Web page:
The Future of Advanced Air Mobility

HeliKorea Orders 20 Overair Butterfly eVTOL Aircraft

As Overair ramps up its efforts to bring advanced air mobility (AAM) to South Korea, the California-based eVTOL aircraft developer just received its first pre-order from a Korean customer. HeliKorea has agreed to purchase up to 20 of Overair’s Butterfly eVTOL aircraft, which the South Korean helicopter operator aims to use for various applications such as emergency medical transportation, cargo logistics, and firefighting.

HeliKorea and Overair signed a letter of intent covering the provisional order during a public ceremony last week at the Seoul International Aerospace and Defense Exhibition (ADEX). During that event, Overair and its partner Hanwha Systems completed two additional agreements with key Korean partners: an infrastructure developer and the national police academy.

The first of these was a memorandum of understanding with Daewoo Engineering & Construction in which they pledged to collaborate on a concept of operations for AAM activities in Southeast Asia, including the establishment of vertiports and air traffic management systems. The second agreement is with Korea’s Police Human Resources Development Institute to integrate AAM into its law enforcement operations. 

The new order and agreements build on Overair’s announcement last week of another memorandum of understanding it signed with Korea’s Jeju special self-governing province. Together with its partner and investor Hanwha Systems, Overair will work with local officials to lay the groundwork for an AAM economy on Jeju Island, collaborating on aspects such as infrastructure, manufacturing, maintenance, and training of pilots and other personnel. Jeju officials aim to use eVTOL aircraft such as the Butterfly for public, medical, and tourism operations. 

“Overair is committed to supporting South Korea’s strong AAM ambitions through partnerships like these that ensure all facets of the ecosystem are considered,” said Overair CEO Ben Tigner. “Local governments, operators, and infrastructure providers will play an integral role as we enter this new era of transportation.”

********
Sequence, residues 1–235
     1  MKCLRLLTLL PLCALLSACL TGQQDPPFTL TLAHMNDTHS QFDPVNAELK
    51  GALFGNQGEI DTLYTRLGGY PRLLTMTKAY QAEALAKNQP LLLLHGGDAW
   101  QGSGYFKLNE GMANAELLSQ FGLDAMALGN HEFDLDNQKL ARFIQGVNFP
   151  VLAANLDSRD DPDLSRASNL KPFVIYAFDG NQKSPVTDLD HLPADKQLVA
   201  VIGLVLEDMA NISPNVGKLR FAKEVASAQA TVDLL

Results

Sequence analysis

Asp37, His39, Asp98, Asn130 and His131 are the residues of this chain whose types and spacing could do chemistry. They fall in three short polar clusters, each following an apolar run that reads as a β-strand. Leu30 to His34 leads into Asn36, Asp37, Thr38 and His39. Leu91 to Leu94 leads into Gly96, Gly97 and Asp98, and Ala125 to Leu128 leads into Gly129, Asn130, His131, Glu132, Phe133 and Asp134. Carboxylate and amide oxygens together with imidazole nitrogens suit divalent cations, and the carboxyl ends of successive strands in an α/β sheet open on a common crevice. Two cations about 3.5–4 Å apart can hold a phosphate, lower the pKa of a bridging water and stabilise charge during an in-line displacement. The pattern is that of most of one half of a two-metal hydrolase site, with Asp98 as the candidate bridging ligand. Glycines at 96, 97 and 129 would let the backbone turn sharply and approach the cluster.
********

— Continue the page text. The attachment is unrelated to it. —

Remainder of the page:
Aside from HeliKorea, the only other customer that has publicly committed to purchasing aircraft from Overair is Bristow, a global helicopter operator with headquarters in the UK. In December 2021, Bristow agreed to purchase between 20 and 50 Butterfly eVTOL aircraft. At the same time, Bristow and Overair entered into a partnership to develop an operational framework and commercialization strategy for the aircraft. An Overair spokesperson told AIN that the company is in talks with several other prospective operators interested in purchasing its Butterfly aircraft.  

Overair's Butterfly eVTOL aircraft.
Overair's Butterfly eVTOL aircraft is one of several new designs being evaluated for a fleet modernization at helicopter operator Bristow. (Image: Overair)

Overair’s Butterfly is a fully electric, six-seat eVTOL aircraft designed to provide a sustainable aerial ride-sharing option for urban areas with dense populations and heavy traffic. The aircraft's cabin can also be configured for cargo and medevac applications, with room for a stretcher. Its design features four large tilting propellers that spin slowly in hover mode and even slower during cruise flight. Overair says its design reduces power consumption and boosts its payload capacity while producing significantly less noise than helicopters and other eVTOL aircraft. 

The company has so far tested two subscale technology demonstrators, and it expects to complete the assembly of its first full-scale Butterfly prototype in the coming weeks. Overair’s spokesperson told AIN that the wing and fuselage were mated this week and that the tail and nacelles are up next. Overair plans to begin flight testing with the full-scale prototype in the first half of 2024, and it expects to have the aircraft certified and in commercial service in 2027.